Teachers held a meeting at the OWL Centre in Bo to discuss plans for their collaborative work on Climate Change. Schools are focusing on UN Global Goal 12: Responsible Consumption and Production. We hope to inspire pupils to consider re-using and recycling materials to reduce waste.
When the business meeting was finished the teachers enjoyed socialising and celebrated a colleague’s recent wedding and sang “The more we are together the merrier we shall be”. The words continue “For your friends are my friends and my friends are your friends..” which is so appropriate for One World Link which is the friendship link between our communities.
“Little things can grow into much bigger things but it might take a little while.”
Things are moving on in Sierra Leone with Undergraduate Certificate and Diploma Courses in Municipal Solid Waste Management now being offered by Fourah Bay College on behalf of the University of Sierra Leone. The Eastern Technical University in Kenema is also offering a 1 year Certificate course and a 2 year Diploma course on Urban and Municipal Waste Management. Who would have thought that would happen when OWL sowed those early seeds in Bo?
Furthermore, just last month (17th November), Sierra Leone held its first National Waste Management conference. It would seem that it was well attended with good representation from Government Departments.
The waste management project was born back in 2007 when OWL persuaded the UNDP to invest in equipment to help Bo City Council to resolve their huge waste problem. The municipal waste disposal system had collapsed during the dreadful civil war in the 1990s and they were starting again from almost nothing. Facilitated by OWL, specialists from Warwickshire County Council, Glenn Fleet and Derek Greedy, provided guidance for the project. It was later taken on by the German NGO Welthungerhilfe.
Bo now claims to be the cleanest city in Sierra Leone. As Derek says: “Makes you feel good when you see those early efforts turning into all this. Little things can grow into much bigger things but it might take a little while.”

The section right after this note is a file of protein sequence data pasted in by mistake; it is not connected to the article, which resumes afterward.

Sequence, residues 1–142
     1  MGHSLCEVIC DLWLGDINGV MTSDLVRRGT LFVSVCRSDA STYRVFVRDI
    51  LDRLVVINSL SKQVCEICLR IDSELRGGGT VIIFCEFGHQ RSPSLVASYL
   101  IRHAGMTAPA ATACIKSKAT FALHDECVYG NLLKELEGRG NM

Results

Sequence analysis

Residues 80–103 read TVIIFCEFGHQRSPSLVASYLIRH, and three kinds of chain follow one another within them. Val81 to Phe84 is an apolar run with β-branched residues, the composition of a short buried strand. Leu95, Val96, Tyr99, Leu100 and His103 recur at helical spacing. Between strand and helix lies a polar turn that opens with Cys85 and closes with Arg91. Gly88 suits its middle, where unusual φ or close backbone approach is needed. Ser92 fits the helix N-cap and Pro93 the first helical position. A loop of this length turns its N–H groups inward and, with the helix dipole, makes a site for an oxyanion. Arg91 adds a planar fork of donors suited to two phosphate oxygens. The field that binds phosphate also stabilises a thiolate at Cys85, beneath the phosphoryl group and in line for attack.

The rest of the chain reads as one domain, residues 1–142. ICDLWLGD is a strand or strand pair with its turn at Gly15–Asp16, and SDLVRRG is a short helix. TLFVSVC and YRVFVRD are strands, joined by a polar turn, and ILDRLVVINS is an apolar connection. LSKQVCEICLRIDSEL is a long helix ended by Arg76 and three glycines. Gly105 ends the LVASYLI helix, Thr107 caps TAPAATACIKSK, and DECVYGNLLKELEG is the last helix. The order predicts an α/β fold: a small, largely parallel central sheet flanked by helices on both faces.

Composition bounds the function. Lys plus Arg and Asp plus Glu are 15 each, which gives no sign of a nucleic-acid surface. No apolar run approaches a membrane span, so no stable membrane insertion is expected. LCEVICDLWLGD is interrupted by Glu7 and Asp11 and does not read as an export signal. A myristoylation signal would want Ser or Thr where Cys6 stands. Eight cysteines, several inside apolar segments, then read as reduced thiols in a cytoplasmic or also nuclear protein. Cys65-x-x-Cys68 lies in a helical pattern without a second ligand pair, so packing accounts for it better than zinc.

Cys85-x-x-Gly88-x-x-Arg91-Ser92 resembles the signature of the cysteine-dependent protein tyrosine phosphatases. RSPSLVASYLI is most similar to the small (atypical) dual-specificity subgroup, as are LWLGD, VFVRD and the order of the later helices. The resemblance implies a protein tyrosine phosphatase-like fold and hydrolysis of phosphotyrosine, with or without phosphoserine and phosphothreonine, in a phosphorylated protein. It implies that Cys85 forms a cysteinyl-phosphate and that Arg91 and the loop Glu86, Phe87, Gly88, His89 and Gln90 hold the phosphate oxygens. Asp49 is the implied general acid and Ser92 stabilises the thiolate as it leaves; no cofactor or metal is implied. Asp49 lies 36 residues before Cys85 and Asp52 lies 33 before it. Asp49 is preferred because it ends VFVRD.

Five teachers from schools in Bo are preparing for their visit to the UK in June. John Sandi, Elizabeth Allie, Nemahun Vandy, Jennifer Abdulai and Patrick Columba.
They now have their travel documents and tickets and are looking forward to their two-week stay in Warwick District. They will be staying with families and have a busy schedule visiting their partner schools and having discussions with teachers. Bo schools are preparing parcels for their linked schools which the visitors will deliver. They will also join in the celebrations of the Day of the African Child when four hundred children will assemble for a programme of drumming, dancing, siinging and storytelling.
The Waste Management Project has now blossomed in to one that is Sierra Leone wide. Derek Greedy reports on the Bo project that was initiated with OWL involvement more than ten years ago.
Although Glenn Fleet and myself have not been actively involved for sometime now we are kept up to date via a WhatsApp group. The principles that were adopted for Bo of Recycling, Composting and Landfill have generally been rolled out firstly to Makeni and Kenema and latterly to Koidu. The work continues to be project management led by (Welthungerhilfe) WHH with Dr John Williams as the Project Head. Much of the efforts recently have centred around Koidu and Kenema with an extensive campaign to collect plastics for recycling by offering rice for plastics. This initiative follows on from the successful campaigns in both Makeni and Bo. Although there is not much news regarding Bo itself it seems the waste management department is still active and remains with Samuel Hinga Navo at the helm.